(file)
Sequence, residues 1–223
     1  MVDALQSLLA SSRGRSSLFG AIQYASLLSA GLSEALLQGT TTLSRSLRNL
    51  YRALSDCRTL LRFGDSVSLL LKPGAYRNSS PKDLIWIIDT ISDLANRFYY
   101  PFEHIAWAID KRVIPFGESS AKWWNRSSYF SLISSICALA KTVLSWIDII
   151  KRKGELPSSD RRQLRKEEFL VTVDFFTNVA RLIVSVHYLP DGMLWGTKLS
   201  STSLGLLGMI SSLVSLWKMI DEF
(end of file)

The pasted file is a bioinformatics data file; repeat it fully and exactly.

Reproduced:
Sequence, residues 1–223
     1  MVDALQSLLA SSRGRSSLFG AIQYASLLSA GLSEALLQGT TTLSRSLRNL
    51  YRALSDCRTL LRFGDSVSLL LKPGAYRNSS PKDLIWIIDT ISDLANRFYY
   101  PFEHIAWAID KRVIPFGESS AKWWNRSSYF SLISSICALA KTVLSWIDII
   151  KRKGELPSSD RRQLRKEEFL VTVDFFTNVA RLIVSVHYLP DGMLWGTKLS
   201  STSLGLLGMI SSLVSLWKMI DEF